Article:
It's a little too easy to approach Sono Shion's 2012 The Land of Hope [Kibô no Kuni] with false expectations about how it will play out. I certainly did. The problem with such presumptions is that they can prompt you to call into question a couple of Sono's decisions regarding the film's characters and story threads.
Allow me to explain. As you may well be aware, the premise of The Land of Hope was inspired by the Fukushima Daiichi nuclear disaster that followed the 2011 earthquake and subsequent tsunami in Tôhoku, Japan. Despite the stylised and occasionally extreme nature of much of Sono's previous work (try a double bill of Love Exposure and Cold Fish is you're looking for evidence of both), advanced word suggested that the focus of The Land of Hope was to be how those living close to such a disaster would cope with the immediate aftermath, suggesting a low key and true-to-life portrait of stoic resilience in the face of severe adversity.
It's a preconception that the opening few minutes do little to contradict, as the Ono family – consisting of ageing father Yasuhiko, his dementia-afflicted wife Chieko, his son Yoichi and Yoich's pregnant wife Izumi – are observed attending to their duties on the family milk farm with almost documentary authenticity. When the earthquake hits, it is handled with surprising and economical minimalism, a distant rumble, a house-shaking tremor and a fade to black. The family is left rattled but the house is still standing and the livestock unharmed. The phone lines are down and Yasuhiko is worried about the nearby nuclear plant. "Did you hear an evacuation announcement?" he asks his neighbour Suzuki's son Mitsuru, who has just arrived home safely with his girlfriend Yoko. In the end there is nothing they can do but bed down for the night and wait to see what morning might bring.
Yasuhiko is awakened by a public proclamation that a 20km circle around the Nagashima nuclear reactor is being cordoned off. As he walks into his garden a small battalion of busy officials in protective suits arrive to begin setting up barriers and evacuating those whose houses fall within the exclusion zone. The barrier cuts through the middle of the Ono property, placing their house just outside of the officially designated danger zone and their neighbours inside it. Confusion reigns, as those tasked with setting up the barrier all but refuse to communicate with the angry and frightened residents and the Suzuki family are hurriedly bundled up and driven away. Once the officials have departed, Yasuhiko tells Yoichi and Izumi that they should leave to protect their baby. "We're old," he reminds them, "too old to worry about radiation."
Following Yoichi and Izumi's departure, the storyline undergoes a three-way split: the resolute Yasuhiko and the blissfully unaware Chieko attend to their garden, feed their cows and take care of the dog that their immediate neighbours were forbidden from taking with them; Mitsuru and Yoko leave the shelter at which the Suzuki family have been billeted and head off to look for Yoko's parents in an area badly hit by the post-earthquake tsunami; Yoichi and Izumi establish themselves in a new town, where books given to them by Yasuhiko start Izumi on a fast road to pathological radiophobia.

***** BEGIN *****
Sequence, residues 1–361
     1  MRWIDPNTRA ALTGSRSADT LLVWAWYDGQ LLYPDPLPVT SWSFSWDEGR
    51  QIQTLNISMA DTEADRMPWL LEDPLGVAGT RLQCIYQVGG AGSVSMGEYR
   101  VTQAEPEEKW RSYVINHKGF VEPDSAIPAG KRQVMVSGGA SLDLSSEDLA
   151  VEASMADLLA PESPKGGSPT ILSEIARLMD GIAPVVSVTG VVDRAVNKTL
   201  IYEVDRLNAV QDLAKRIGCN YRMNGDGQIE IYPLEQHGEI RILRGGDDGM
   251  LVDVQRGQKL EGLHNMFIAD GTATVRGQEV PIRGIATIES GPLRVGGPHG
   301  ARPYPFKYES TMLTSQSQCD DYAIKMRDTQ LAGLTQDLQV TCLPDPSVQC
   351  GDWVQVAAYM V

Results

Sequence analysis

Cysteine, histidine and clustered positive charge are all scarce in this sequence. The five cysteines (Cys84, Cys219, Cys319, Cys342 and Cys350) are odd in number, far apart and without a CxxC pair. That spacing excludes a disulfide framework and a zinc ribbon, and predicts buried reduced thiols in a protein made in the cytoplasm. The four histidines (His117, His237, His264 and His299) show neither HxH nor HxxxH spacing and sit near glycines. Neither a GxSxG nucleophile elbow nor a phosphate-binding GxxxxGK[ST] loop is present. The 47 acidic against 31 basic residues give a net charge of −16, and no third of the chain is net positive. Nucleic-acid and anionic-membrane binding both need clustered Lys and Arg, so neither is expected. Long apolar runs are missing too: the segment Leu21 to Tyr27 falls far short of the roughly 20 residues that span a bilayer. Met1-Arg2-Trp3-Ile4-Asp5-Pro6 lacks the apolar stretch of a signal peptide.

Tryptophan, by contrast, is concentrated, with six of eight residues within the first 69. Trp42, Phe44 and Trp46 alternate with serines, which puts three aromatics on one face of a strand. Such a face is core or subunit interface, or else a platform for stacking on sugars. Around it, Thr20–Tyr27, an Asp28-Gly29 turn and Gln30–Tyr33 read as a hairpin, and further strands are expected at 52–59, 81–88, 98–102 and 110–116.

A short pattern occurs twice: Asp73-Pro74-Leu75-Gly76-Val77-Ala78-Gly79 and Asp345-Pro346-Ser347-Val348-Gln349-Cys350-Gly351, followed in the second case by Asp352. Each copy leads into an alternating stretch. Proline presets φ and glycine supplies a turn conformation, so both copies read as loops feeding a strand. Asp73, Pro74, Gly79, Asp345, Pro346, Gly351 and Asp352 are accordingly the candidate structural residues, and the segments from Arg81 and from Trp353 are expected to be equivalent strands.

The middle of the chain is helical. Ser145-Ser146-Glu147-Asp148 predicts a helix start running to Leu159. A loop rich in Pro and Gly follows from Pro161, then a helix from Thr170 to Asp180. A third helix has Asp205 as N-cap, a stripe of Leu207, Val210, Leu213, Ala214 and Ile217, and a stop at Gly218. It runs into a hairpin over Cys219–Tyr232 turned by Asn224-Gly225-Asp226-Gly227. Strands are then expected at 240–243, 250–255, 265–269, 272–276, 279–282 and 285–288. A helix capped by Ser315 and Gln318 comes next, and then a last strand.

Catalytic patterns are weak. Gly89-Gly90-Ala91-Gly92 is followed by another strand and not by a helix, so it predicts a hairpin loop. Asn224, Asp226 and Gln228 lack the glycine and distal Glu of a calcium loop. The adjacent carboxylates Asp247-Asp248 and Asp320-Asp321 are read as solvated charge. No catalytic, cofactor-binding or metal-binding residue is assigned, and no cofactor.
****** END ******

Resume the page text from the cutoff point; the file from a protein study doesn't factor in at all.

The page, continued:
It's the manner in which this third strand is developed that prompted my above-mentioned questioning of Sono's approach. Where the first two stories are handled in captivatingly low-key manner, the third takes a real world issue and runs with it to an almost surrealistic degree, as Izumi's radiophobia mutates with dizzying rapidity from buying protective face masks to sealing their new apartment in plastic sheeting, wearing a radiation suit for all public excursions (including her prenatal appointments at the hospital) and hallucinating radioactivity as an all-encompassing red cloud of death. This drift away from the earlier subtlety is emphasised by Yoichi's propensity for angrily bellowing in moments of emotional crisis and a too-literal visualisation of the metaphorical stakes that divide him from his father. Yet there is still much in this story that is quietly effective, from the manner in which Yoichi confronts the trio of women who giggle at his wife's protective attire to his later return to the farm to try to convince his father to leave. It's also easy to misjudge elements that have a cultural truth that we in the west may not be aware of. I was sceptical, for instance, of the idea that a petrol station attendant would refuse to serve the couple through fear of radioactive contamination based solely on where they had driven from, but an older Japanese friend assured me that this very prejudice was common in Japan in the years immediately following the atomic bomb attacks on Hiroshima and Nagasaki.
More subtly and soberly handled is Mitsuru and Yoko's journey into the disaster area, filmed in Fukushima on similar locations to those used only months earlier by Sono for Himizu, an area hauntingly stripped of its population and most of its buildings (in the astonishing wide shot pictured above, an entire house appears to have been picked up and dropped at a 45 degree angle). As the couple stand by the tattered remnants of a house and Yoko yells repeatedly at the distant remains of the ghost town that her former home has become, the sense of the widespread devastation left by the tsunami is keenly communicated. Even the snow that falls only in the disaster area – actually the result of an unseasonably heavy snowfall midway through the shoot when the crew switched locations – feels symbolic of the desolation the area has suffered.